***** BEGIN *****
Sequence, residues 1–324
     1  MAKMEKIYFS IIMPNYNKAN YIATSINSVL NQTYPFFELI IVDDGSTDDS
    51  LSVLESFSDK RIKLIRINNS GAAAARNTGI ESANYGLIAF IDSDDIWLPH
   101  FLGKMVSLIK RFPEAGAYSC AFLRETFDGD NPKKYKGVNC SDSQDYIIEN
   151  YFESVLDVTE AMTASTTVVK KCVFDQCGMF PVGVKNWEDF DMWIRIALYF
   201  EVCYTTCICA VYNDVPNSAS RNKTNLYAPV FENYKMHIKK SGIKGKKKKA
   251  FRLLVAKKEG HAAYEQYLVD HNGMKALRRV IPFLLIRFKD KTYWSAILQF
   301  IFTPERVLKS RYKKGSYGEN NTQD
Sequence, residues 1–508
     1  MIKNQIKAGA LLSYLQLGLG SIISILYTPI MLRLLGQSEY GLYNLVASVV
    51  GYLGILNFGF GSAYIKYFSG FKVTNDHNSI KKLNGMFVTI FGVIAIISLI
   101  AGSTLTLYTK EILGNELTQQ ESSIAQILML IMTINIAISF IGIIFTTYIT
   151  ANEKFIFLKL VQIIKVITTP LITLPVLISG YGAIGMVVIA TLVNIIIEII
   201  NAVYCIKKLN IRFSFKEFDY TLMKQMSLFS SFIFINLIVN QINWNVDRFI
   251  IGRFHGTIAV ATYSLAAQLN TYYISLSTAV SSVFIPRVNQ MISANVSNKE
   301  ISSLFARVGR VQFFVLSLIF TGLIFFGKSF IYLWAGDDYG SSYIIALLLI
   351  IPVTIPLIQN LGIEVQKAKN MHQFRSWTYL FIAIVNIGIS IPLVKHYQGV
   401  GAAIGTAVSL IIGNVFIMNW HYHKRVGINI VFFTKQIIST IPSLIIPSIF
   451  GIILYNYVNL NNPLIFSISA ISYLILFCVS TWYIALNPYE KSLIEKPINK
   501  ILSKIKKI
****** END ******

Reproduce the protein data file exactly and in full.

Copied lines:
Sequence, residues 1–324
     1  MAKMEKIYFS IIMPNYNKAN YIATSINSVL NQTYPFFELI IVDDGSTDDS
    51  LSVLESFSDK RIKLIRINNS GAAAARNTGI ESANYGLIAF IDSDDIWLPH
   101  FLGKMVSLIK RFPEAGAYSC AFLRETFDGD NPKKYKGVNC SDSQDYIIEN
   151  YFESVLDVTE AMTASTTVVK KCVFDQCGMF PVGVKNWEDF DMWIRIALYF
   201  EVCYTTCICA VYNDVPNSAS RNKTNLYAPV FENYKMHIKK SGIKGKKKKA
   251  FRLLVAKKEG HAAYEQYLVD HNGMKALRRV IPFLLIRFKD KTYWSAILQF
   301  IFTPERVLKS RYKKGSYGEN NTQD
Sequence, residues 1–508
     1  MIKNQIKAGA LLSYLQLGLG SIISILYTPI MLRLLGQSEY GLYNLVASVV
    51  GYLGILNFGF GSAYIKYFSG FKVTNDHNSI KKLNGMFVTI FGVIAIISLI
   101  AGSTLTLYTK EILGNELTQQ ESSIAQILML IMTINIAISF IGIIFTTYIT
   151  ANEKFIFLKL VQIIKVITTP LITLPVLISG YGAIGMVVIA TLVNIIIEII
   201  NAVYCIKKLN IRFSFKEFDY TLMKQMSLFS SFIFINLIVN QINWNVDRFI
   251  IGRFHGTIAV ATYSLAAQLN TYYISLSTAV SSVFIPRVNQ MISANVSNKE
   301  ISSLFARVGR VQFFVLSLIF TGLIFFGKSF IYLWAGDDYG SSYIIALLLI
   351  IPVTIPLIQN LGIEVQKAKN MHQFRSWTYL FIAIVNIGIS IPLVKHYQGV
   401  GAAIGTAVSL IIGNVFIMNW HYHKRVGINI VFFTKQIIST IPSLIIPSIF
   451  GIILYNYVNL NNPLIFSISA ISYLILFCVS TWYIALNPYE KSLIEKPINK
   501  ILSKIKKI